yesterday's tennessee

Yesterday's Tennessee

I REMEMBER (Pleasant Exchange)

H. J. Bolen

Henderson County Times
May 7, 1980

I wish to acknowledge the note of appreciation received from Ruth Bobbltt French.

My great-great grandfather, Sion Carrington, found the town of Pleasant Exchange, on the northern end of Henderson County, a thriving town when he came there from North Carolina in 1830. My great-grandfather, Reeves Bolen, followed him in 1836, and Pleasant Exchange became his post office throughout his entire life. Then when my grandfather, John Bolen, returned to Tennessee with his wife and two children (one of whom was my father), he occupied a house in the area of what had been known to him as Pleasant Exchange. It was from this location that my father, William Reeves Bolen, started to school at what was known as Star College, and was located in what became known as Old Wildersvifle. By this time Pleasant Exchange was no more, and of it came two other communities into existence, Wildersville, a mile and a half south, and Farmville, about three miles north. It was in 1870 that my grandfather returned with his family from Union County, Illinois, and with the coming along of my father. William Reeves Bolin, together with the others named, gave a family identity with old Pleasant Exchange for the entire forty years of its history. In addition, Jim Fowlkes, father of Dave Fowlkes, whom many readers may remember, and who was the grandson of Dave Fowlkes. who said he was present at a horse-racing event at old Pleasant Exchange in 1837, and heard Demps Cain challenge reeves Bolen to a fight just before the start of the races. The elder Fowlkes related that when he spied Bolen, he stated that be had learned that Bolen was the "champ" back in North Carolina where he came from, and that two champions could not exist at the same place. When Bolen did not respond to his challenge, but said nothing, Cain promised that if Bolen whipped him he would leave the next day for Texas and would never return. It was then Bolen walked over to him, grabbed him, picked Cain up and threw him over his head and to the ground, begin beating him good fashion and pulling his hair, when Cain begged to be let up. True to his word, Cain left the next day for Texas and was never again the terror of Pleasant Exchange. Jim Fowlkes always enjoyed telling this story, stating that before the fight with Cain, Bolen was hardly known, having come to Tennessee by horseback a year before, and married a year later Duriney Carrington. Sion Carrington's daughter, and who always received his mail at the Pleasant Exchange, Tennessee post office.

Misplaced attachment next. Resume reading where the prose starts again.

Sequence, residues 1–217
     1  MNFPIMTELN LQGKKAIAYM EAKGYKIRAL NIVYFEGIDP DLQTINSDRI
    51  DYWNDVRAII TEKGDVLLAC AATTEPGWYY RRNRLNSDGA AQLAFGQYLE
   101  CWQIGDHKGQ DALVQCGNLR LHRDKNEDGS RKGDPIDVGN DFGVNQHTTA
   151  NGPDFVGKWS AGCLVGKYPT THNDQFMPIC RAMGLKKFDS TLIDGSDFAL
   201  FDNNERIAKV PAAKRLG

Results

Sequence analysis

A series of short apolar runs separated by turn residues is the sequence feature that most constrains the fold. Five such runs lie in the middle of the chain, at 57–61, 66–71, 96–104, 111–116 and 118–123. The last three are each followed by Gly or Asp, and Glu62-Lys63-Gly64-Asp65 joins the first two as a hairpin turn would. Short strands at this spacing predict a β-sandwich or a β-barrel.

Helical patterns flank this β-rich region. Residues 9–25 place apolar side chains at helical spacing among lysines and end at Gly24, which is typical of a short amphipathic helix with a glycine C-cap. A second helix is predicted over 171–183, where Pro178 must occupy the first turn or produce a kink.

Jim Fowlkes told of two famous visitors to Pleasant Exchange; namely, Andrew Jackson and David Crockett, when both showed up for horse-racing events. Pleasant Exchange started as a community center about 1819, with the race track being built about 1825. I recall the right of way of the track in my own lifetime, and the betting booth was moved to the Farmvile track about 1850, according many old timers.

Pleasant Exchange could boast of the first brick schoolhouse in the county, two saddlries, two saloons, a brick kiln, and two general stores. There was much agitation for building the courthouse here, but the more central location at Lexington was finally decided upon. The location of the town of Pleasant Exchange, as explained to me many times by-my-father, as told to him by his father, and as told to my grandfather by his father, who lived within the service of the Pleasant Exchange post office during his entire life after coming to Tennessee, might be described as follows: The location began on the sloping hillside about a half mile from the old river bed, and followed an upland ridge to a fordable road about a half mile north. The race track started just east and south of the old road crossing and ran in a northwesterly direction along a dry ridge that covered a little more than a mile. I have walked the distance many times before it was completely overgrown.

Pleasant Exchange got its name in a. most unusual way. It is said that a St.: Louis merchant and a Pleasant Ex change merchant had just completed the sale and purchase of a large stock of merchandise, after Which the St. Louis merchant exclaimed that the deal between them had been a "pleasant exchange," and thus the name of the new town in Henderson County, Tennessee.

In plowing the furrows for a new civilization, we must remember there had to be many struggles to endure and achieve. In all of their pioneering efforts they must have felt the heartbeats on the great ocean of life that must be spanned by mankind if progress ie ever to be achieved.

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